The doctor-patient relationship drenched in warmth and a personal touch might sound impossible in today’s times, but for Dr Macha Dileep this bond was particularly strong because he had known his patients for years and supported them through their most vulnerable moments as they grappled to live with HIV, a disease that is often looked upon as deadly and highly stigmatized.
Posted as a senior medical officer at the Old Government General Hospital, Vijayawada, Dr Dileep was committed to providing health care services to his patients registered at the Antiretroviral Therapy Centre (ARTC) even after the onset of coronavirus outbreak in India. Despite the nationwide lockdown and the high chance of getting infected by COVID-19; nothing stopped him from showing up at his desk every day. He was more concerned about his HIV patients who were on life-long treatment and needed his assurance and support in midst of the uncertainty and fear of the pandemic. Of the 7000 People living with HIV registered at this ARTC, 5000 people directly consulted him. He had never failed them during the eight years of his service at the ARTC, he didn’t want to fail them now. Before the lockdown, he used to meet 100 to 150 patients a day, during lockdown he was still meeting with 60-100 patients a day.
On 18 June 2020, Dr Dileep experienced breathing problems. He was rushed to the emergency room for urgent medical attention where he was being stabilized while being tested for COVID-19. However, the Coronavirus had already affected his lung and kidneys. On the next day, he passed away due to lung collapse. His test results that came after his death indicated that he was COVID 19 positive. Because of the Coronavirus infection, his mortal remains were not handed over to the family and he was cremated by the hospital staff. Dr. Dileep, aged 49, never married, went silently and alone from this world leaving many of his patients, colleagues and family members heartbroken.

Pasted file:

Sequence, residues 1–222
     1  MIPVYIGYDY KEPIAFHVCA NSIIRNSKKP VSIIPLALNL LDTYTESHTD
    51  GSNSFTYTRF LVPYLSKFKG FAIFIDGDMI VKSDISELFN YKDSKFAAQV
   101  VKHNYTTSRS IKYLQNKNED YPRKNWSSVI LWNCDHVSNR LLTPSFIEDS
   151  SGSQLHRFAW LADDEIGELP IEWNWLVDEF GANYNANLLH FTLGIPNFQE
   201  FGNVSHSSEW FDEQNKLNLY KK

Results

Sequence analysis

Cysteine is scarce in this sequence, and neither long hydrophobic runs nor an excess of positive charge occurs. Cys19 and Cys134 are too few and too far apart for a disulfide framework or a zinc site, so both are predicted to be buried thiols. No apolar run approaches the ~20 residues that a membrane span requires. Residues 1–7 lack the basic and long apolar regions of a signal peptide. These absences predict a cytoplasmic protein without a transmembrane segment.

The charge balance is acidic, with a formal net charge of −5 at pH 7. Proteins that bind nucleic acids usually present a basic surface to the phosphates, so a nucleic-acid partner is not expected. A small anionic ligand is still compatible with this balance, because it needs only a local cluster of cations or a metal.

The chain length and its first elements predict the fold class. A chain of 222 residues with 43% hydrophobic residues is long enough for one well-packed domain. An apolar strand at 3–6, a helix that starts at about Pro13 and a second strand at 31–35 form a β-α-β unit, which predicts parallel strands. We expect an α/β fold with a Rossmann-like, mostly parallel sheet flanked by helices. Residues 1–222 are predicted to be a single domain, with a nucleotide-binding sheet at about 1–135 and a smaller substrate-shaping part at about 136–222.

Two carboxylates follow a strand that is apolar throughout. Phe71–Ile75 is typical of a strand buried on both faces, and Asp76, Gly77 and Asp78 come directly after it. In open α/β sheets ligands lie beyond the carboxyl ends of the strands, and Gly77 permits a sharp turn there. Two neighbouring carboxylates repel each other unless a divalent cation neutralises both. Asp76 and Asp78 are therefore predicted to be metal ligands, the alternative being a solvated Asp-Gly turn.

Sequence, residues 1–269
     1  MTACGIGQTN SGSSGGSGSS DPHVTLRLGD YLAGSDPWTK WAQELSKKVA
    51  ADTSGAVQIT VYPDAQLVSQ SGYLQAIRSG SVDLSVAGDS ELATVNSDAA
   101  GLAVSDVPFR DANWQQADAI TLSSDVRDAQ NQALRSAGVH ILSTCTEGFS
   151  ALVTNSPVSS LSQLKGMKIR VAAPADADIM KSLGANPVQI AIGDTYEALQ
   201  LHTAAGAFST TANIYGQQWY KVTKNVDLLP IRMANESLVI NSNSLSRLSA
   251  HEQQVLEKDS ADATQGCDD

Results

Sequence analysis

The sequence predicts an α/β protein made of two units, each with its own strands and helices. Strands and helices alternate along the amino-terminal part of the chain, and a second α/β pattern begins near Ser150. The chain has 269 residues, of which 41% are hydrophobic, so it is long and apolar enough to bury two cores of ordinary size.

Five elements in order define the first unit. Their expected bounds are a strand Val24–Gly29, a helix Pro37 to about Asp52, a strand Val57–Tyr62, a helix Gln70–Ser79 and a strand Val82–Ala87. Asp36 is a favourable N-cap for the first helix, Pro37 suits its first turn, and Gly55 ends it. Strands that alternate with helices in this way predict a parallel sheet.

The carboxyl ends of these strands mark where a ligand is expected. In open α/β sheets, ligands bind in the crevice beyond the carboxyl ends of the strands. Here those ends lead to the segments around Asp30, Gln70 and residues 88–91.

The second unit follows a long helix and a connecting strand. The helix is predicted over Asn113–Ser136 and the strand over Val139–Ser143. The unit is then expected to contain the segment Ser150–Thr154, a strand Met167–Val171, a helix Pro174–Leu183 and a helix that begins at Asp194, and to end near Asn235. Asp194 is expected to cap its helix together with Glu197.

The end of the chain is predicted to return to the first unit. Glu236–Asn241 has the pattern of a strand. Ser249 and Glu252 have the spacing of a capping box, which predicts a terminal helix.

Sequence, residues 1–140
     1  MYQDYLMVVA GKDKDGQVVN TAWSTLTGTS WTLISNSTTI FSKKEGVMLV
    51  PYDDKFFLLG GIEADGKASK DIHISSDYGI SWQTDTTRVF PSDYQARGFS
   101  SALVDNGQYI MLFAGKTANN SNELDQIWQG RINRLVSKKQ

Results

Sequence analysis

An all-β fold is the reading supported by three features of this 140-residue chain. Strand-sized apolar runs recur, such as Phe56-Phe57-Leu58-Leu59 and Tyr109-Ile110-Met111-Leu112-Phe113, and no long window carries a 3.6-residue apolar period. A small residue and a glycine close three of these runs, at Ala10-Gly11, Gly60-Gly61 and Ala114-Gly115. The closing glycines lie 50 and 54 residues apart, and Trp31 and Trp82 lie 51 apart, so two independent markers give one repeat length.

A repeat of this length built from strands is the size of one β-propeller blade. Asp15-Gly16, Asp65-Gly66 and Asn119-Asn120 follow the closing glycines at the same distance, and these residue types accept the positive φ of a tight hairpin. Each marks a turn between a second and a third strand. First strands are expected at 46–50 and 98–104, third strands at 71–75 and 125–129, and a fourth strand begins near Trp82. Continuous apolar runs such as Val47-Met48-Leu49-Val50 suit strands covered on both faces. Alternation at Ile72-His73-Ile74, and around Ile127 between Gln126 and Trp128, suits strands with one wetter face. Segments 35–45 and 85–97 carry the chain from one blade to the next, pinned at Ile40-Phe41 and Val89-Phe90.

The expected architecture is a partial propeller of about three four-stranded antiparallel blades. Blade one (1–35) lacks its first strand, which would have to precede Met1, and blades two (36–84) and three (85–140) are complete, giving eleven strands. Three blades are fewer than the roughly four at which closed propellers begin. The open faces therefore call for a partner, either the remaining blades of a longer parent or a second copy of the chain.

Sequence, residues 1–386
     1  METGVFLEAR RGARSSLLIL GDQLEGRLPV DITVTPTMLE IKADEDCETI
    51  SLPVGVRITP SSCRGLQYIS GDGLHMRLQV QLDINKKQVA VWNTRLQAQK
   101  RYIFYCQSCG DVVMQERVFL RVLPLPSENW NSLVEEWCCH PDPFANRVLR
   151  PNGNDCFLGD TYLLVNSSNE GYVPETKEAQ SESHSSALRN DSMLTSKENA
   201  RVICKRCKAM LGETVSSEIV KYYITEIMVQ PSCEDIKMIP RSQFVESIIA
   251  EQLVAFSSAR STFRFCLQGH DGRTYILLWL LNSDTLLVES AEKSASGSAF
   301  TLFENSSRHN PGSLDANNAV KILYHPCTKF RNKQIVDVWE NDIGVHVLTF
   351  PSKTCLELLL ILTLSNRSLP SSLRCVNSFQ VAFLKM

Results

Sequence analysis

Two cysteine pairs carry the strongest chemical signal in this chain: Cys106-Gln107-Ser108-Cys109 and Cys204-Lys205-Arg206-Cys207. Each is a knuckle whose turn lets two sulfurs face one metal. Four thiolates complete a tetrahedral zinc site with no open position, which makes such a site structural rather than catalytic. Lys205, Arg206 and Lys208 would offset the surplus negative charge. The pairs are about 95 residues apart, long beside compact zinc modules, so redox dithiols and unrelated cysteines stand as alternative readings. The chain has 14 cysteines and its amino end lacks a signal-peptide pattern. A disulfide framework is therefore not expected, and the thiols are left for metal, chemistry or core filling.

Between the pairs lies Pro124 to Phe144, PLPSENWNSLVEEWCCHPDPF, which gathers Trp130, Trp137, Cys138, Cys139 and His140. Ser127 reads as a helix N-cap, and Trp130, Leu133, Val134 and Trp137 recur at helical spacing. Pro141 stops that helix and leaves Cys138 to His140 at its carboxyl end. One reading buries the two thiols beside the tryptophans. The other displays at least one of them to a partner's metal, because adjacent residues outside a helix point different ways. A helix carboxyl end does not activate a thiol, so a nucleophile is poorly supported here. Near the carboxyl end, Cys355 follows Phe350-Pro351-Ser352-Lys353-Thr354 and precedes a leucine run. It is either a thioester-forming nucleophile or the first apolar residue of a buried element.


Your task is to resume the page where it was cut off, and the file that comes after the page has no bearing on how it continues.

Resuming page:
Dr Dileep will be greatly missed for his warmth and kindness. Our Care and Support Centre (CSC) in Vijayawada under will miss his guidance and support. Alliance India hails the commitment and selflessness of Dr Dileep and so many frontline health workers who lost their lives fighting to keep people living with HIV safe.
The data-entry operator at the ART Centre, tearing up as she told us about him, said: Mimmalini chala miss avutunnanu (I miss you a lot).
Alliance India’s Vihaan Care and Support programme works very closely with the National AIDS Control Organisation and its state chapters to strengthen the HIV response in India.
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